my $obj = new Bionanny::Listener (@args);

It builds, populates and returns a new Bionanny::Listener object. This is how it is seen from the outside. But in fact, it builds, populates and returns a more specific lower-level access object, for example Bionanny::Access::soap object. Which one, it depends on the parameter -access. It returns undef on failure.

The recognized names in arguments @args are:


It indicates what lower-level module to load. Default value is soap.


It specifies where to find a Bionanny service. The format and contents of this argument is dependent on the -access argument. For soap access it is a URL of a Bionanny Web Service. Default is http://localhost:8080/axis/services/bionanny.

Other arguments can be given here as well - but they are recognized by the lower-level (access) module (e.g. see Bionanny::Access::soap).


  my $xml = new Bionanny::Listener(...)->get (@args);

This is the main method. It returns data (in XML) that had been collected by a Bionanny monitoring service. The returned data can be cumulated on the requested level. Data can also be selected in order to contain:

    * only data from listed services
    * only data from the requested period
    * only data about still running requests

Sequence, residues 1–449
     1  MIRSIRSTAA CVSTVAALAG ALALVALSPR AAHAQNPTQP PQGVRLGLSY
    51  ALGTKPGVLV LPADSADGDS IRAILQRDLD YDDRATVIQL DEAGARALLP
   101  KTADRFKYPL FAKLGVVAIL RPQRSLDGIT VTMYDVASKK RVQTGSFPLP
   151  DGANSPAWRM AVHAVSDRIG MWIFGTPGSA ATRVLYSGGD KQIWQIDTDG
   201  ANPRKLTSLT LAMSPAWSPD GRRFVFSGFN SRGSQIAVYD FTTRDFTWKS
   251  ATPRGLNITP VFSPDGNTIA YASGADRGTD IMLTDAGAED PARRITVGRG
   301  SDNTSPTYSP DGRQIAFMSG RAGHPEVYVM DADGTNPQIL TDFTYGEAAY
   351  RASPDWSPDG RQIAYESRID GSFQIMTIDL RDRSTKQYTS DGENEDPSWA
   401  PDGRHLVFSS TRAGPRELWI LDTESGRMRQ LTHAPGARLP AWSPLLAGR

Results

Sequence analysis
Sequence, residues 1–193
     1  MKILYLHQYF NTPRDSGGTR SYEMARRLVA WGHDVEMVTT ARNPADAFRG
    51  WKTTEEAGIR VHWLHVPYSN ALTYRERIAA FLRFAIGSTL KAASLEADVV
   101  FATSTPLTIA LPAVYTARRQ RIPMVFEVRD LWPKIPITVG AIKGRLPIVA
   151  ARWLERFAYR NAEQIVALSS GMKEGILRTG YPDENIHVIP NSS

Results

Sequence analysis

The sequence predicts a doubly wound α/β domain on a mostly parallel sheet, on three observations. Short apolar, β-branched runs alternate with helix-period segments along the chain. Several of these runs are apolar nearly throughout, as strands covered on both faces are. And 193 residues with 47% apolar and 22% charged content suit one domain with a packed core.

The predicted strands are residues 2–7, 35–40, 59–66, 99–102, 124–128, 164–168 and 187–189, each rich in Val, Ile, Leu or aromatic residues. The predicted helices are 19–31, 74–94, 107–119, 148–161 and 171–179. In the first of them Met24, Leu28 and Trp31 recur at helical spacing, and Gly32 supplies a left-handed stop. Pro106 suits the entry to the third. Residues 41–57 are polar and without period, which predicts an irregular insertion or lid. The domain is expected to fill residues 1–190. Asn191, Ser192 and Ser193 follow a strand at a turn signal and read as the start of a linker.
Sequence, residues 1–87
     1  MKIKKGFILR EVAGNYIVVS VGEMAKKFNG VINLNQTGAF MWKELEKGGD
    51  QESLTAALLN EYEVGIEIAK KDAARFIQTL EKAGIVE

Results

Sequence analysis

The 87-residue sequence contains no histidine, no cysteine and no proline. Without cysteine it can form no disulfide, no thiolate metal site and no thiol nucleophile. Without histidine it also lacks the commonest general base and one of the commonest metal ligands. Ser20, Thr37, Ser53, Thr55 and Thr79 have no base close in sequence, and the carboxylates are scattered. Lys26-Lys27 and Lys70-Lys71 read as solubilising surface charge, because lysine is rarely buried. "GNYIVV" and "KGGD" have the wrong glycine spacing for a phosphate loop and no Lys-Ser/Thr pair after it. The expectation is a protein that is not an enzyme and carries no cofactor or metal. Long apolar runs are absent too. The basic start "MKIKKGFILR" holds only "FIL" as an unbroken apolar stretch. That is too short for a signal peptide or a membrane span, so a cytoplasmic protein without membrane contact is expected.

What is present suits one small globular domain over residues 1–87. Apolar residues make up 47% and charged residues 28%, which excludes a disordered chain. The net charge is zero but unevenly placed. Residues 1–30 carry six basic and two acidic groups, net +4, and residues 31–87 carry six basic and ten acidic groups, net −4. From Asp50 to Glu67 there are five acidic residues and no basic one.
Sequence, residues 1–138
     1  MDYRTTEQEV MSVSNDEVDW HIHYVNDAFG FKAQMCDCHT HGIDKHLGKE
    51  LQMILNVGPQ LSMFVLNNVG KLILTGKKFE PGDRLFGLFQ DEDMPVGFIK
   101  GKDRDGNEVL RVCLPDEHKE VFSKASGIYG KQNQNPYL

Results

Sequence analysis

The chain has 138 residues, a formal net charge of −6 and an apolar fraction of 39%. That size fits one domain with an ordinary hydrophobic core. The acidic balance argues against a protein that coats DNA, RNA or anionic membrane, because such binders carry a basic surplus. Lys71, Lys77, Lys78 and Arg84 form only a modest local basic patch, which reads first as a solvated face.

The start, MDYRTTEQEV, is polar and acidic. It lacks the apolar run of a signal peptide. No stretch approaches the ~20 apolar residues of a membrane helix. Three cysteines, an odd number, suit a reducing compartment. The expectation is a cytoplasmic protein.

* only data matching requested metadata (TBD)

The recognized names in arguments @args are:




Contains an array of service names whose data should be returned. By default data about all services are returned. The names should correspond to the services endpoints (but this will change in the future in order to allow also simplified names).


Specifies the starting time of a requested period. If zero or undef then data starting from the beginning (including oldest) are returned. If it matches with the literal 'now' (case-insensitive) then it returns data only about still running requests (and the -to argumen, if any, is ignored). Or, it can be a pure number (minus sign allowed) which means that the starting point is this number of millisecond from now. Or, the number can be accompanied by a last letter, indicating a unit for the number. The letter can be 's' for seconds, 'm' for minutes, 'h' for hours, 'd' for days, 'w' for weeks and 'M' for months.


Specifies the ending time of the requested period. It can have the same formats as -from.


Contains an array of metadata names. Only data corresponding with these metadata are included in the result. (Not yet implemented.)

-humandates => 1

If true the date fields in the returned XML will be more readable, e.g. Tue Apr 27 08:53:03 2004. Otherwise, they will contain the number of millisecond from the Epoch.


  my %list = new Bionanny::Listener(...)->available_services;

It returns a hash where keys are endpoints of services a connected monitoring service has some data about, and values are the simplified (display) service names (usually the last part of the endpoint).


  my @list1 = $listener->available_metadata;
  my @list2 = $listener->available_metadata (@service_names);

It returns a list of names of all available metadata, or only names of metadata recorded for given services. If none of the given service names exists then an empty array is returned.